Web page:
VOORHIES: Well, my message is, we did, we had several members that did support Donald Trump for president and my message to them and actually to anybody is I mean, like it or not, Donald Trump is going to be the president of the United States come January 20tth at noon when he gets sworn in.

And you know, I was brought up to make sure that you always pray for your leaders and you hope the best for your leaders and that's what I told my 11-year-old daughter when she was asking me questions about dad, why is Donald Trump picking on Chuck Jones.

Chuck Jones is like a grandpa to her. And I said well, Sweetheart, that's all I can do is tell you that in your prayers, pray for him. Pray for him that he saves jobs and pray for him that he does a good job and he keeps us safe in the United States.

That's the only message I can send. He's going to be our president for the next four years and I will support him as he goes along as president but at the same time, if he wants to keep picking -- if he wants to pick fights on Twitter, we will fight right back.

But we are not going to stop the fight when it comes to free trade. We are all about fair trade. If he says he's going to renegotiate these deals, then let's renegotiate these deals.

Just like President Leo Gerard said last night. He sent a letter saying he would be happy to lend a hand to help negotiate these deals. Since then, he has not heard a word back.

BOLDUAN: As you mentioned, January 20th when he will become president, he will have the power to start renegotiating the deals. That's when you can keep him accountable for that. Brett Voorhies, thank you so much. Appreciate it.

VOORHIES: Thank you. BOLDUAN: So from Indiana to Washington, D.C. now. One long-time conservative D.C. think tank is playing a big role in Donald Trump's transition team and also that would also mean playing a big role in shaping his administration.

[11:10:03]Joining us now with that, the president of the Heritage Foundation, former senator of South Carolina, Jim DeMint. Great to see you, Senator. How have you been?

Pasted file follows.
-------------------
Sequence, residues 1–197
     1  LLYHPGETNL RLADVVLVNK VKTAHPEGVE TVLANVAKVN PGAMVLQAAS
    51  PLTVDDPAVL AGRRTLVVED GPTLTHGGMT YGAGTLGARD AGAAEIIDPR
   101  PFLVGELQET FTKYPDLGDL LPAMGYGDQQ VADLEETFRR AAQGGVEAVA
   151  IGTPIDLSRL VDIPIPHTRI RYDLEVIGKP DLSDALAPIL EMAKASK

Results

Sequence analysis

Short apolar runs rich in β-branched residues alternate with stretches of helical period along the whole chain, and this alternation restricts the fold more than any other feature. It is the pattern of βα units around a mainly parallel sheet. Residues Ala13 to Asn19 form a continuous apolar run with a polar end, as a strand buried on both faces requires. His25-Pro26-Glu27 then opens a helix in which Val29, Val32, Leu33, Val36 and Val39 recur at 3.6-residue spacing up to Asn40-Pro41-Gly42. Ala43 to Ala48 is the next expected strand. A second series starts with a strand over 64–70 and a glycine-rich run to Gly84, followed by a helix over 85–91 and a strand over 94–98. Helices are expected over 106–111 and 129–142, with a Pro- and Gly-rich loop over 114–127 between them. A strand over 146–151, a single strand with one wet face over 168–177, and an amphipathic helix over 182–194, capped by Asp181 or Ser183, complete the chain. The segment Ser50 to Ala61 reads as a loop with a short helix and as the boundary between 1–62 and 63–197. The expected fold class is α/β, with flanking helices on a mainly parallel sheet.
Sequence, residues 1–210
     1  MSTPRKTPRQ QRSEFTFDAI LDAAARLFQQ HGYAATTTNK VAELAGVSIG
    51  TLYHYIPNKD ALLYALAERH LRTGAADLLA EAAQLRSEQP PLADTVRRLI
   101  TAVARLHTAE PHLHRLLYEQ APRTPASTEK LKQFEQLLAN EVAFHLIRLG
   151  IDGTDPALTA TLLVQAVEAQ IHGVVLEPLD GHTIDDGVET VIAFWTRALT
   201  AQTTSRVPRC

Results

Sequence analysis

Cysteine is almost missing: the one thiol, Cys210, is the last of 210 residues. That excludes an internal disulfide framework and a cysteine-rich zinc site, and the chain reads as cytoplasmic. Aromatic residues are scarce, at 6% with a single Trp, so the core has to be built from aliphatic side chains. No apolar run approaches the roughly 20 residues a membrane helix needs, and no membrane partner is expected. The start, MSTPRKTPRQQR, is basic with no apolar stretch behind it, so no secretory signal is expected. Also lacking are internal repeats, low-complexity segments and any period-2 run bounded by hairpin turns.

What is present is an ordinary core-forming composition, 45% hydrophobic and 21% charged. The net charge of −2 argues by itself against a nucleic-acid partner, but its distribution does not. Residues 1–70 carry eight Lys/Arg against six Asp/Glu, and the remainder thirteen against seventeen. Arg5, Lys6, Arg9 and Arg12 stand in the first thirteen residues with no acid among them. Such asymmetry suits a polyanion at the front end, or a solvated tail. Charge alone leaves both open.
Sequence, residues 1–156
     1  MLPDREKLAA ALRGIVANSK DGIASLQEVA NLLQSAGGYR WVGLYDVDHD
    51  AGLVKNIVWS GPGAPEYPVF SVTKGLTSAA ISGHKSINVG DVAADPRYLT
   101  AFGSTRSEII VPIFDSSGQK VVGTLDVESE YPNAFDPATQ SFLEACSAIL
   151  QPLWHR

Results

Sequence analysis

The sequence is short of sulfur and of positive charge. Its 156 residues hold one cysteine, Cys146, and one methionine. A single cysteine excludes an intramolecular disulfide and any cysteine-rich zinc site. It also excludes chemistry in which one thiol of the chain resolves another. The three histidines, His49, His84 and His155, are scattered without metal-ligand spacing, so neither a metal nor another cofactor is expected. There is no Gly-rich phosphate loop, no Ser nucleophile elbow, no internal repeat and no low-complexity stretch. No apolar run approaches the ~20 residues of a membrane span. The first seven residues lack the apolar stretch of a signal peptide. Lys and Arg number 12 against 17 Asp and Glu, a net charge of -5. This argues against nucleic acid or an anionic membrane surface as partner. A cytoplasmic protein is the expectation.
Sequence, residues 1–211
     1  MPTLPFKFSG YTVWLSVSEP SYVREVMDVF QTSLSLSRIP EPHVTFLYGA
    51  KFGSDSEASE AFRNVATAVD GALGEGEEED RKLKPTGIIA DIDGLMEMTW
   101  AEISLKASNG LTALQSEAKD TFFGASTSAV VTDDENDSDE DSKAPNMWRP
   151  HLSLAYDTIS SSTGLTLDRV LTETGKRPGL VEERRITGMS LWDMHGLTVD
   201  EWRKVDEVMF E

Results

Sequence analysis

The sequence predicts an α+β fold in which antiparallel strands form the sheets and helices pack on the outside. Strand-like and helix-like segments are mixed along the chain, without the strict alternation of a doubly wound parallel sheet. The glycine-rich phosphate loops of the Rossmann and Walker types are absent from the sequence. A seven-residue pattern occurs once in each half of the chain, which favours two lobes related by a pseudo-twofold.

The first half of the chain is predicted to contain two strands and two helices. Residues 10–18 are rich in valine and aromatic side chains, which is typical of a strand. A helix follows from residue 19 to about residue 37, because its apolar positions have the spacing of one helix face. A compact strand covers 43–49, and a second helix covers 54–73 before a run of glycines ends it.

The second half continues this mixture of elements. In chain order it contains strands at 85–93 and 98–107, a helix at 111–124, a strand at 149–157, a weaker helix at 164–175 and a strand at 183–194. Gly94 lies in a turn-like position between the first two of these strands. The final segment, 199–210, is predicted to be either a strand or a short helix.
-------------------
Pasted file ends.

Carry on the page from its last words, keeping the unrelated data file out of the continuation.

JIM DEMINT, PRESIDENT, THE HERITAGE FOUNDATION: I've been great. We have been busy. Actually, we have been busy for about a year hoping we would get this chance to shape the next administration.

BOLDUAN: You are almost trying to hide your smile. We read that you had said just this week that you are basically giddy about the incoming Trump administration. Why?

DEMINT: Well, I'm worried about our country. I have told folks who were running for president if they knew how much trouble our country was in, they probably wouldn't want the job, but just to have a chance to be at the table, to be listened to now. We know at Heritage because we do so much research what policies really will make America great again and the opportunity to actually get those implemented, it does make me a little bit giddy.

BERMAN: What's your take on the Carrier deal, Senator? Because it doesn't sound like the kind of thing that I know you as a senator would have supported or that Heritage would support. Generally speaking, you don't want government interference or as George will said, coercion in private industry and trade.

DEMINT: Well, there are lots of companies considering moving from this country right now and I hope they will all stop and give this president, this Congress, a chance --

BERMAN: I was asking about the Carrier deal, though. The state tax breaks in potential consideration down the line from the federal government.

DEMINT: Actually it's a pretty good thing if he saved jobs and he is more than a month from becoming president. That's where his heart is, to save these jobs. I don't know all the details about the deal. We should not be using taxpayer money at least at the federal level. That's my opinion.

But I hope every company that's considering moving any jobs out of this country will just take a pause because we have got such a heavy regulatory blanket on these companies, within a year, I think they are going to see a better business environment.

BOLDUAN: If they move overseas, do you want to see a 35 percent tariff on their goods coming back in like Trump have said?